Early Illness Features Associated With Mortality in the Juvenile Idiopathic Inflammatory Myopathies


  • Members of the Childhood Myositis Heterogeneity Collaborative Study Group are shown in Appendix A.



Because juvenile idiopathic inflammatory myopathies (IIMs) are potentially life-threatening systemic autoimmune diseases, we examined risk factors for juvenile IIM mortality.


Mortality status was available for 405 patients (329 with juvenile dermatomyositis [DM], 30 with juvenile polymyositis [PM], and 46 with juvenile connective tissue disease–associated myositis [CTM]) enrolled in nationwide protocols. Standardized mortality ratios (SMRs) were calculated using US population statistics. Cox regression analysis was used to assess univariable associations with mortality, and random survival forest (RSF) classification and Cox regression analysis were used for multivariable associations.


Of 17 deaths (4.2% overall mortality), 8 (2.4%) were in juvenile DM patients. Death was related to the pulmonary system (primarily interstitial lung disease [ILD]) in 7 patients, gastrointestinal system in 3, and multisystem in 3, and of unknown etiology in 4 patients. The SMR for juvenile IIMs overall was 14.4 (95% confidence interval [95% CI] 12.2–16.5) and was 8.3 (95% CI 6.4–10.3) for juvenile DM. The top mortality risk factors in the univariable analysis included clinical subgroup (juvenile CTM, juvenile PM), antisynthetase autoantibodies, older age at diagnosis, ILD, and Raynaud's phenomenon at diagnosis. In multivariable analyses, clinical subgroup, illness severity at onset, age at diagnosis, weight loss, and delay to diagnosis were the most important predictors from RSF; clinical subgroup and illness severity at onset were confirmed by multivariable Cox regression analysis.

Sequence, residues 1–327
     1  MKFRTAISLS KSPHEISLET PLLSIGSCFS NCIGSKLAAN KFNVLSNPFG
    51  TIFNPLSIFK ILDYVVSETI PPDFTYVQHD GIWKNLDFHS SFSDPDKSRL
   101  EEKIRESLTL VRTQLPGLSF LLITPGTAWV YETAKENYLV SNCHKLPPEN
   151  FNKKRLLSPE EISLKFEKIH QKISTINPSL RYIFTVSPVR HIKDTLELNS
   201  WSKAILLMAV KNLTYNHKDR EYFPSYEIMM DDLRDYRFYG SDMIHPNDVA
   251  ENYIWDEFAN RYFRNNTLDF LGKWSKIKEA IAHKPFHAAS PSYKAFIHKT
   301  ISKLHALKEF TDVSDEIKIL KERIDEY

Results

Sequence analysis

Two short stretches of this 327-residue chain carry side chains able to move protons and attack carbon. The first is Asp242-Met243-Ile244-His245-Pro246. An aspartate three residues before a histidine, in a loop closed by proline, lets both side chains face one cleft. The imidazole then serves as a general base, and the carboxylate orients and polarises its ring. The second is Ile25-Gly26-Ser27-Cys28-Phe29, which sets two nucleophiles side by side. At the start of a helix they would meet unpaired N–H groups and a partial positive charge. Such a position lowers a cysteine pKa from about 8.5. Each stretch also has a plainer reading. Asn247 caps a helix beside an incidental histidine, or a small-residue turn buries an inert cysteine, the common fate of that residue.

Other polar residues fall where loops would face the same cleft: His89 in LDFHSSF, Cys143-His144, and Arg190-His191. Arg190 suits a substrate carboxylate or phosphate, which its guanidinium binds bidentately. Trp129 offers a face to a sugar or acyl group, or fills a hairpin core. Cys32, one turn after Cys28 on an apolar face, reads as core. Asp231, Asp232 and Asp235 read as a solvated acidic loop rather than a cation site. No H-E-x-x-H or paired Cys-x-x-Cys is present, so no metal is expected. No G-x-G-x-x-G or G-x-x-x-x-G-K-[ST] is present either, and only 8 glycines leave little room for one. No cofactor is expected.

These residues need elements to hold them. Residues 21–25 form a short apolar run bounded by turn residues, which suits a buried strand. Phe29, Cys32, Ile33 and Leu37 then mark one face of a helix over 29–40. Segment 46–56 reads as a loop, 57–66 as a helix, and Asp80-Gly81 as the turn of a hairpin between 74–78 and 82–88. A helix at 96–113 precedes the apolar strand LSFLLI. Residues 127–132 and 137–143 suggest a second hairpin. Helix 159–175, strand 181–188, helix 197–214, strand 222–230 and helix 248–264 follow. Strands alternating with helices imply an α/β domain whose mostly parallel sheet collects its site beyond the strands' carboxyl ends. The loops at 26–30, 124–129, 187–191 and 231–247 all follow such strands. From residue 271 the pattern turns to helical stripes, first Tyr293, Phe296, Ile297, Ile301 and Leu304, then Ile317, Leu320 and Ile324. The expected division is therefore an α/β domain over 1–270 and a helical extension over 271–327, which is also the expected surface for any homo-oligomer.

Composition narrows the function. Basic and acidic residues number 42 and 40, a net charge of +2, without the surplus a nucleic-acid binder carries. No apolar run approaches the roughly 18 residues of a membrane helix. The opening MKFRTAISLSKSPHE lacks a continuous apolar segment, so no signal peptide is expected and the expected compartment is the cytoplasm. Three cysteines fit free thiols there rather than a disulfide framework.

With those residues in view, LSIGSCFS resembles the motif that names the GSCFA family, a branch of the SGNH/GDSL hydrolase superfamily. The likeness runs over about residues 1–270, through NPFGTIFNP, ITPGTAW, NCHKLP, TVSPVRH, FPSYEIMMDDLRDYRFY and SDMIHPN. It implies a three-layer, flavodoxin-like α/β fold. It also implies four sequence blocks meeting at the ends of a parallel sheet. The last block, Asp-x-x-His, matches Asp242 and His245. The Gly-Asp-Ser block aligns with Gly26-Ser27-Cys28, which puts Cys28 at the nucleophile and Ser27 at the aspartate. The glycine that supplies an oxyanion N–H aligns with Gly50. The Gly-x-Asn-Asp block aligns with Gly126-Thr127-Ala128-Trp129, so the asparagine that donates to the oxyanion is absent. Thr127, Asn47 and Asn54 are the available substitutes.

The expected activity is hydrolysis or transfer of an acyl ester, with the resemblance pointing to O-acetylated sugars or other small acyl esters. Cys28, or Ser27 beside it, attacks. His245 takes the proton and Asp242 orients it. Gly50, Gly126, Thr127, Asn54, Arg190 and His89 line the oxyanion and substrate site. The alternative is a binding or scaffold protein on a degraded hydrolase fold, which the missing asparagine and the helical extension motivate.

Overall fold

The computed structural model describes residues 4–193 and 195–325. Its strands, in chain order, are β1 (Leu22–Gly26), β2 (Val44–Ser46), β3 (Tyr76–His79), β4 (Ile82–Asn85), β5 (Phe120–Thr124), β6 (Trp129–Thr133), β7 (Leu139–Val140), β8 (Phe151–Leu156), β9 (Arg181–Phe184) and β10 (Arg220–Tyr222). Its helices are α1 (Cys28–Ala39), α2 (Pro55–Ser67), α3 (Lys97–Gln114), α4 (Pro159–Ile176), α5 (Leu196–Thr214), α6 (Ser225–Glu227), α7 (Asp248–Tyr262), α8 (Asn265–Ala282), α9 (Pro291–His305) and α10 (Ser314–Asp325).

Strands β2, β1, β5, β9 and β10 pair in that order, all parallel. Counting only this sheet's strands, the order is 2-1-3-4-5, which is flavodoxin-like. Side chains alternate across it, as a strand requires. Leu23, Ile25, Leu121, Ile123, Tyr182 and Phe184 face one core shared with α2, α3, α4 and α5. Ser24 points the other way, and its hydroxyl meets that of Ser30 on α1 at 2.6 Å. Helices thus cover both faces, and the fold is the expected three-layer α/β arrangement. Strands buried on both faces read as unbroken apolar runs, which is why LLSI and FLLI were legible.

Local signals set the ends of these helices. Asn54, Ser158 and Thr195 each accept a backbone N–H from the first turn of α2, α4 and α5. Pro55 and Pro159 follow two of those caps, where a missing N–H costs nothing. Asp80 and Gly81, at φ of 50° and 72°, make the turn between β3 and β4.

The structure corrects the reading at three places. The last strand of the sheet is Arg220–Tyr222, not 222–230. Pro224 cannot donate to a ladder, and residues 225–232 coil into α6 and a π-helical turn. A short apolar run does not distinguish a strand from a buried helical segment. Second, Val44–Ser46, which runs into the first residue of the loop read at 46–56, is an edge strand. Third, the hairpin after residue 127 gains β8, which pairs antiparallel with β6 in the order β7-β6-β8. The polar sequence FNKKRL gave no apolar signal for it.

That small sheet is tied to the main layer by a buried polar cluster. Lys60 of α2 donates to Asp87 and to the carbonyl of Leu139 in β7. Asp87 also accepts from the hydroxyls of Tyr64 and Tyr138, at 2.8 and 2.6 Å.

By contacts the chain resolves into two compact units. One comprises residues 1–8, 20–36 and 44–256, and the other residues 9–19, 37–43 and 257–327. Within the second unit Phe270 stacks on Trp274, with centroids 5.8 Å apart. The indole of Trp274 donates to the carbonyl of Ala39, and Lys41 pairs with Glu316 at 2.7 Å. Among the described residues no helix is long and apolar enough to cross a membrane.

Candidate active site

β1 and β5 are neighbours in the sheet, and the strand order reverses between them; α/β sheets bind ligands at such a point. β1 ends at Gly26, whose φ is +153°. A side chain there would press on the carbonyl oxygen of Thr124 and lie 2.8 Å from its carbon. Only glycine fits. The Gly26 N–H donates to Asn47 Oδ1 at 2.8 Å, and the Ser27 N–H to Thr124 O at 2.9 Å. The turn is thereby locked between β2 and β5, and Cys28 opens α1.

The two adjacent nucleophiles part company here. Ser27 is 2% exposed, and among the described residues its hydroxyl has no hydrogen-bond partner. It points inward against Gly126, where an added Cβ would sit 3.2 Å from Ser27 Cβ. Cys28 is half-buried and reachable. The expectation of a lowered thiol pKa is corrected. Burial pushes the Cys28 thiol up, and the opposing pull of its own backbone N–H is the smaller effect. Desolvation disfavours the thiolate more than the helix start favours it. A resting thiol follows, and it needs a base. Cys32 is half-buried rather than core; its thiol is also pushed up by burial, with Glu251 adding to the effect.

Overall mortality was higher in juvenile IIM patients, and several early illness features were identified as risk factors. Clinical subgroup, antisynthetase autoantibodies, older age at diagnosis, and ILD are also recognized as mortality risk factors in adult myositis.